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LLM Volume 40, 2022


       Another New Year has taken off, launching into orbit the Open Access vehicle for your research ideas - LLM Vol. 40, 2022.

Time present and time past are both perhaps present in time future, and time future contained in time past - in these words, T.S. Eliot encapsulated the continuity of Life and all existence. LLM lives today, thanks to the work of its pioneers. Last year, we lost two of them:

       In May 2021, the Linguistic Society of Papua New Guinea mourned the untimely passing of John Lynch (1946-2021), one of the brightest stars in Oceanic linguistics, and a man of rare humanity and strength. A brilliant scholar and academic who dedicated over 20 years of his life to the University of Papua New Guinea (which he led as Vice-Chancellor from 1986 to 1991), John left an indelible mark on people’s lives in PNG and far beyond. He was a dynamo of linguistic thought in Melanesia for more than half a century – not only through his own teaching and research (he was Professor of Language from 1978 to 1986), but also through his editorial work in Kivung (1971-1979) and LLM (1981- 1997). Since LLM's rebirth as an OA online journal in 2011, John has been with us - until his death. RIP, John...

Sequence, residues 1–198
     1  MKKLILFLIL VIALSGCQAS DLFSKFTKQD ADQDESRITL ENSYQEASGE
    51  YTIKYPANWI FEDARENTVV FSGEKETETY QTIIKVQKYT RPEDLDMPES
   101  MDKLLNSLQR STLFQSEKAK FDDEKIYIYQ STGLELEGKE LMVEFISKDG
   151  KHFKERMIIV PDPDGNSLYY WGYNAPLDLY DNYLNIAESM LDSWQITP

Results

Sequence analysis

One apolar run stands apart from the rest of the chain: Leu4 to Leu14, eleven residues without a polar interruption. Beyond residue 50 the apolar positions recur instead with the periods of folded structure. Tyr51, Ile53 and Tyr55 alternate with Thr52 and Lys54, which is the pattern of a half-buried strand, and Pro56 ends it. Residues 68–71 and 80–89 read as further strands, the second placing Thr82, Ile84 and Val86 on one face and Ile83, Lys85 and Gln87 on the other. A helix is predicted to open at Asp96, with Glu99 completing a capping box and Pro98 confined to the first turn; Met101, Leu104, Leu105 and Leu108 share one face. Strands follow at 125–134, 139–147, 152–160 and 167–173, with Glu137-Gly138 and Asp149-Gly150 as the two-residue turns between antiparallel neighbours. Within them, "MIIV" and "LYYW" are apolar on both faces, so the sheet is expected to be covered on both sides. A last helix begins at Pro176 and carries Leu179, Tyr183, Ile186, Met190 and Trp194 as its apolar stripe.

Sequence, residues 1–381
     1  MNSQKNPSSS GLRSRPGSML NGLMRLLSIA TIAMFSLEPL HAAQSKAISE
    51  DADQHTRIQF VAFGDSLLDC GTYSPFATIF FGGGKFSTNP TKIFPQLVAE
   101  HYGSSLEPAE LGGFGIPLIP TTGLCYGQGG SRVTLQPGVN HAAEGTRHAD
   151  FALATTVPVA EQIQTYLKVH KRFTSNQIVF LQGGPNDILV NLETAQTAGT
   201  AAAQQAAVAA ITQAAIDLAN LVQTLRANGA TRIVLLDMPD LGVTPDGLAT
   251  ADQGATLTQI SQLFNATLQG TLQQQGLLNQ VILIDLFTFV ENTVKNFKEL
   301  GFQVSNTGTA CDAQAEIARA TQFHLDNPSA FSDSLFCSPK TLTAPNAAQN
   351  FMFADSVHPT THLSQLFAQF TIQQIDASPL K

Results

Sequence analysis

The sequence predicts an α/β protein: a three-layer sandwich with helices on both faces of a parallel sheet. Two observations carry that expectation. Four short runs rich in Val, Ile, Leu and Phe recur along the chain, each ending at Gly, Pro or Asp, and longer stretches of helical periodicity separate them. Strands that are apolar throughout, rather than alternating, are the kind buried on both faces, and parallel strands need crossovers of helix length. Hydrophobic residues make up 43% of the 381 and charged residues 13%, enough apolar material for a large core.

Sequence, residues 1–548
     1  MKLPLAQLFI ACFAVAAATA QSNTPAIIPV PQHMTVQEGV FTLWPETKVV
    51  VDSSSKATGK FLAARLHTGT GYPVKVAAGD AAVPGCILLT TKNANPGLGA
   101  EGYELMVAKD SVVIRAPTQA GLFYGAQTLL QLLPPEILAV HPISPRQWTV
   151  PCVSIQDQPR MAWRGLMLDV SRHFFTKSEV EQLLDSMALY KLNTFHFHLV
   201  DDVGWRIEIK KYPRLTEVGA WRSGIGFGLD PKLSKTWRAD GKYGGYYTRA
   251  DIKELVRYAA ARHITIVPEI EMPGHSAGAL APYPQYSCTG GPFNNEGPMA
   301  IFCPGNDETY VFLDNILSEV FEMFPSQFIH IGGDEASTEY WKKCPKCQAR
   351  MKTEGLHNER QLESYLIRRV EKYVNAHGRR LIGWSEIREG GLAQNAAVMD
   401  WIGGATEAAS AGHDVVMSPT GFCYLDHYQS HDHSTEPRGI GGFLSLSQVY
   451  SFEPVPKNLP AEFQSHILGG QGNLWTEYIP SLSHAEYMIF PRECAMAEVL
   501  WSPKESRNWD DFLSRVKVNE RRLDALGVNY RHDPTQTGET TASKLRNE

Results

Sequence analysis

Just before Christmas, we also mourned the passing of Tom Dutton (1935-2021), another outstanding scholar whose important writings covered the languages of S.E. Papua (Central, Northern (Oro) and Milne Bay Provinces). He is especially remembered for his extensive work on Koiarian languages and the first catalogue of the languages of S.E. Papua.He found that the belief that the Motu used a pidginized form of Motu on their trade voyages to the Gulf of Papua was unfounded, but that they used pidginized Motu to talk to their neighbours and visitors to the Port Moresby area. The colonial administration adopted this as Police Motu (See Dutton's 1985 book Police Motu: iena sivarai). Tom was the foundation Professor of Linguistics at UPNG from 1975 to 1977.

       To honour the pioneers of linguistic thought in the South Pacific, we have set up new "Founders' pages" which contain scholarly references and links to their publications. We hope these pages will help many in specialized research. They are located under the "Special Issues" tab on the main tool bar @

       We also remember Robert Blust (1940–2022), Professor of Linguistics at the University of Hawai’I, who passed away on 5th January 2022 after a long and determined battle against cancer. LLM published Bob’s monograph on the languages of the Admiralties in 2021 @ Bob was the unquestioned leader in Austronesian linguistics, and a member of LLM’s Editorial Board. He will be sorely missed.

       Yet, Time Present and Time Past will, indeed, be present in time Future - the torch of inquiry, lit by these pioneers, will not be extinguished - on we go, into 2022!

Editors LLM


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